For the big decisions in life, you need to reach a deeper region of consciousness. Making decisions then becomes not so much about ‘deciding’ as about letting an inner wisdom emerge.
– Brian Arthur, economist and author of The Nature of Technology, quoted in Source: The Inner Path of Knowledge Creation, Joseph Jaworski, page 13.
Business and Personal Cases for Becoming Wise
Each of us has access to extraordinary, infinite, abundant and brilliant wisdom. We limit ourselves and what is possible in our businesses – and the world in which we live – when we don’t develop and utilize that wisdom.
What becomes available are breakthrough solutions, ideas for new business opportunities, profound innovations, foresight and access to new frontiers.
Here’s an example of someone listening to that inner wisdom. A few years ago, one of my clients was leaving the daily management of his business. Although it seemed quite risky, he invited two people who had been with the company for many years to be responsible, working as a team, rather than one CEO. His rational mind told him that might not be a good idea, and it would have been backed by many others as noted in the Fortune magazine article, “With co-CEOs, companies flirt with disaster,” by Claire Zillman. However, he was a wisdom leader and trusted that his sense of the situation was best for him, his business, employees and clients. He and I worked to support these two in becoming the leaders they wanted to be and the business has continued to grow and thrive quite wonderfully.
We are living during a time which affords us incredible opportunity to develop our wisdom selves. If you’re reading this, you probably have food, shelter, work and a personal life that could allow you the time and energy to devote to becoming the extraordinary leader or person you’ve dreamed of becoming, even though you are also probably incredibly busy. I write that with all due respect, for if not you and me, and if not now, then who and when?
I could repeat the statistics about all of the various problems in the world and in the workplace, but you know them already. Some of the issues can be resolved by the typical approach of a) searching for a solution either by thinking our way through it, “figuring it out,” or accessing the expertise of others, b) creating a rule or regulation, c) enacting a new law, or d) putting more money into it. Accessing and exercising wisdom – where inspirations emerge – is required to address the overarching causes and systems that brought about many of the problems in the first place. The world is screaming for those wisdom leaders who won’t settle for the superficial – yet also necessary – fix.
You may love leading … or not so much. You may love the work you’re engaged in … or not. You may love your personal life.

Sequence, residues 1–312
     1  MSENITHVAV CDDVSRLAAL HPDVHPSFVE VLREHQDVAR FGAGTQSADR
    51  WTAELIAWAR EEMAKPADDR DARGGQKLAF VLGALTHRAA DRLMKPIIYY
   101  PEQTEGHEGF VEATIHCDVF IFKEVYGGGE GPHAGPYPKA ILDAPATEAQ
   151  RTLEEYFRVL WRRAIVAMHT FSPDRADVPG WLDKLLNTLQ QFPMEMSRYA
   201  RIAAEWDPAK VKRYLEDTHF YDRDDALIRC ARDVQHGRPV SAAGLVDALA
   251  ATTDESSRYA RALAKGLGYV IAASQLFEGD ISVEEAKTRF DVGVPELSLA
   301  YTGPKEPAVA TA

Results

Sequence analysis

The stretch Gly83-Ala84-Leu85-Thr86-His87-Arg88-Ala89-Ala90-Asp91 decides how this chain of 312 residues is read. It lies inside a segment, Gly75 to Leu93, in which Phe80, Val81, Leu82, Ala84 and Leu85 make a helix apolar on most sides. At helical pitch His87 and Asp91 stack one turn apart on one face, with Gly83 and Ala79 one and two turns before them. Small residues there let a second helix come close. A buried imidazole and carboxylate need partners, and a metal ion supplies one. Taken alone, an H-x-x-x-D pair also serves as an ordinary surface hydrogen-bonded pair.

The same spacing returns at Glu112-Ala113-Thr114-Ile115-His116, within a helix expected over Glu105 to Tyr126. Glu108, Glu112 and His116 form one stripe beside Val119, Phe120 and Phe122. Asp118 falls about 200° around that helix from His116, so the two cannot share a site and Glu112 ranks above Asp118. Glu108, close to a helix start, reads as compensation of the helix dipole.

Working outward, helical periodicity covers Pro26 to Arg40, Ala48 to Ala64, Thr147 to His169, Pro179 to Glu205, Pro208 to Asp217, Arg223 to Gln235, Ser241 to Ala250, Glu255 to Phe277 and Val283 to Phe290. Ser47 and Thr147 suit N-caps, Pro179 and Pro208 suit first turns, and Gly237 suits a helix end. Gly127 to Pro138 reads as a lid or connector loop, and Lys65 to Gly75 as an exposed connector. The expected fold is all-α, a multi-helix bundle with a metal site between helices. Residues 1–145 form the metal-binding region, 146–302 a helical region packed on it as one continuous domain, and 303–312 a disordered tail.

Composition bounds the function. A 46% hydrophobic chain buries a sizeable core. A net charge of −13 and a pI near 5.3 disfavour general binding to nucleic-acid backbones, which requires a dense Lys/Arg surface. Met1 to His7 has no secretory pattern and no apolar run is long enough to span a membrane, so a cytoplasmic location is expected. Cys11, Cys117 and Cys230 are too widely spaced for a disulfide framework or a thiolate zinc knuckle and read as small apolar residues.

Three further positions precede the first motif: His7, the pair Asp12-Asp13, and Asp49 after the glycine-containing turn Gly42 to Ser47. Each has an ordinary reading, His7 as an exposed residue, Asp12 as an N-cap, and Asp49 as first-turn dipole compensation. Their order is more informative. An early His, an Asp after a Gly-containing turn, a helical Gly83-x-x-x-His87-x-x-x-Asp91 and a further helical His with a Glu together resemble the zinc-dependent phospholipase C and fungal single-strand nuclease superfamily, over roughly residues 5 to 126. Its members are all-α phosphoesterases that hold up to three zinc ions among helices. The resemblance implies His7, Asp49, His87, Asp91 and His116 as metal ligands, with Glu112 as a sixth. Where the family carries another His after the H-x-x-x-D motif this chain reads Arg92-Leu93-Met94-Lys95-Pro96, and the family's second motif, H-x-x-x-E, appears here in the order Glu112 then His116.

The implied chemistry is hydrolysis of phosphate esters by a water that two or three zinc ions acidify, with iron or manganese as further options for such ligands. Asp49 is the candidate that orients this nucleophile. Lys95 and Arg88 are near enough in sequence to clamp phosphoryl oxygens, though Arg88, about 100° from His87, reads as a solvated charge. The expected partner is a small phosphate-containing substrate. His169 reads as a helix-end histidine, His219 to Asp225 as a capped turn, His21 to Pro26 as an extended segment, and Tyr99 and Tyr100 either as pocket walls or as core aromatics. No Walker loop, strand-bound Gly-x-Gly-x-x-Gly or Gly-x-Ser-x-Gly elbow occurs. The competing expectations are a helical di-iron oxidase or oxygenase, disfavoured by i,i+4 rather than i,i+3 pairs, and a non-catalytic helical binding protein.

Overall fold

Pursuing a wisdom path, however, will more-than-likely bring amazing vitality, meaning and joy to all of it.
Since I’ve been pursuing and exploring living as a wisdom leader, my life has been more interesting, fulfilling, adventurous and exciting…and there have been fearful and anxious times, but it has been the sort of fear and anxiety that comes with any adventure and moving into unknown territory. It’s thrilling, challenging and incredibly freeing.
Scientific Case for Becoming Wise
“The latest advances in the natural sciences give us a new picture of reality. … In the new concept the universe is an organically interconnected evolving system.” Quantum Shift in the Global Brain: How the New Scientific Reality Can Change Us and Our World, Ervin Laszlo, page 89.
Many people are actually aware of these discoveries and talk about them, yet haven’t shifted their lived perspective and experience of the world, business and people. Being out of alignment with what we know about the world is like paddling a kayak upstream.
What Do I Mean by Wisdom?
Wisdom is a virtue that falls into the category of you know it when you experience it. We’ve all had times where we just know: “That was a wise decision.”
Inherent in wisdom is knowledge, experience, self-awareness, heart (or caring about not only myself, but others and the world), creativity, intuition and a relationship to all-that-is. It includes the integration of the right brain, left brain, as well as intuition and discernment. It requires cultivating our:
- Body wisdom
- Emotional wisdom (distinct from emotional intelligence)
- Ability to connect with and relate to Source, or Universal Intelligence
I will expand on the last two now and address in more detail how to cultivate all of these in my next blog.
Joseph Jaworski, in his book Source states, “There is a creative Source of infinite potential enfolded in the Universe. Connection to this Source leads to the emergence of new realities – discovery, creation, renewal, and transformation. We are partners in the unfolding of the universe.”
The use of wisdom requires courage because it is outside the realm of rules, incentives and information. It’s the courage to genuinely know yourself and what matters to you (how you want the world, your business and your relationships to be). This includes understanding, embracing and appreciating our true nature and what science is revealing about that (i.e., that we are all connected), an intention to listen to Source and the ability to take the appropriate action, without necessarily knowing why or why now.
Becoming wise is about becoming, not learning, yet there is learning to be done.
Click here for Slide Show of X-Factor Your Business by Exercising Wisdom